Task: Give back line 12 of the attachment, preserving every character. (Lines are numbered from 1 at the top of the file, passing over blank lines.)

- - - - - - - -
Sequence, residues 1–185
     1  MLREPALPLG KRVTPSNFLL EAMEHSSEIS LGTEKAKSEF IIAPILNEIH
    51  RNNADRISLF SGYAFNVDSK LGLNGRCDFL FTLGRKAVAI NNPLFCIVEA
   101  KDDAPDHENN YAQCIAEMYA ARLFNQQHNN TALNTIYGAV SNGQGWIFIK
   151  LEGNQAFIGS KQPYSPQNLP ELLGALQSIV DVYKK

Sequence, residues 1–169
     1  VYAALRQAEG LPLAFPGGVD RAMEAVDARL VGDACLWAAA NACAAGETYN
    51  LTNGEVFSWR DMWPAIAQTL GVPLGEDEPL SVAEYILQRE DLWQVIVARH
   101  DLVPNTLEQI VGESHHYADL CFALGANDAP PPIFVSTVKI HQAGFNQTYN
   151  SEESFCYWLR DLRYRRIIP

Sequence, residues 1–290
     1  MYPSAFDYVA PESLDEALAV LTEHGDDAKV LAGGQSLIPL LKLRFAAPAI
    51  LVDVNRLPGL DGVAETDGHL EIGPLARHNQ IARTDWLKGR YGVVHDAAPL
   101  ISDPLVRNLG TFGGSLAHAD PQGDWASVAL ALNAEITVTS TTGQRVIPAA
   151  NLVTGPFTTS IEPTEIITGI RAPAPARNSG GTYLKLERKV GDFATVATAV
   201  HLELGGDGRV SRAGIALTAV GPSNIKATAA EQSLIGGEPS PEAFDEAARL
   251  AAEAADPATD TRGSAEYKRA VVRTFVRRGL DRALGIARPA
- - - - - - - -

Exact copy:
     1  MYPSAFDYVA PESLDEALAV LTEHGDDAKV LAGGQSLIPL LKLRFAAPAI